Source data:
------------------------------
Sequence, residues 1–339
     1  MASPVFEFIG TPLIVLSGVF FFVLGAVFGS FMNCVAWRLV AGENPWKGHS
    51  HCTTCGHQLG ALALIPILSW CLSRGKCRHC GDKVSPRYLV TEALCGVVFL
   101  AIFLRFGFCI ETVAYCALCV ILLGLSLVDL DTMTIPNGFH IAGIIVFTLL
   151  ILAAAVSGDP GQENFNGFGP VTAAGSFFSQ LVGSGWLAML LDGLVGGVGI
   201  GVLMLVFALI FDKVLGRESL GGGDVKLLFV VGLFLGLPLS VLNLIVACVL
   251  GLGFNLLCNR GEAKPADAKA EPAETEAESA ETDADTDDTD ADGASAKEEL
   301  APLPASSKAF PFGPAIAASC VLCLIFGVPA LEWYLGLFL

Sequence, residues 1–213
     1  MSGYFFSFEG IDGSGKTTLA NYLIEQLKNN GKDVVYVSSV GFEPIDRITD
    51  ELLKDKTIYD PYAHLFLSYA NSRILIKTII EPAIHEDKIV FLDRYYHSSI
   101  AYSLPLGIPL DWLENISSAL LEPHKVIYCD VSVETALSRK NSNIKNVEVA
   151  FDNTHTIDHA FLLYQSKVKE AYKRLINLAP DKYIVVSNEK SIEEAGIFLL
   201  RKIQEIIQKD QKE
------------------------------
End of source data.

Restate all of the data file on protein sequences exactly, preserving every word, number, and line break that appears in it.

Sequence, residues 1–339
     1  MASPVFEFIG TPLIVLSGVF FFVLGAVFGS FMNCVAWRLV AGENPWKGHS
    51  HCTTCGHQLG ALALIPILSW CLSRGKCRHC GDKVSPRYLV TEALCGVVFL
   101  AIFLRFGFCI ETVAYCALCV ILLGLSLVDL DTMTIPNGFH IAGIIVFTLL
   151  ILAAAVSGDP GQENFNGFGP VTAAGSFFSQ LVGSGWLAML LDGLVGGVGI
   201  GVLMLVFALI FDKVLGRESL GGGDVKLLFV VGLFLGLPLS VLNLIVACVL
   251  GLGFNLLCNR GEAKPADAKA EPAETEAESA ETDADTDDTD ADGASAKEEL
   301  APLPASSKAF PFGPAIAASC VLCLIFGVPA LEWYLGLFL

Sequence, residues 1–213
     1  MSGYFFSFEG IDGSGKTTLA NYLIEQLKNN GKDVVYVSSV GFEPIDRITD
    51  ELLKDKTIYD PYAHLFLSYA NSRILIKTII EPAIHEDKIV FLDRYYHSSI
   101  AYSLPLGIPL DWLENISSAL LEPHKVIYCD VSVETALSRK NSNIKNVEVA
   151  FDNTHTIDHA FLLYQSKVKE AYKRLINLAP DKYIVVSNEK SIEEAGIFLL
   201  RKIQEIIQKD QKE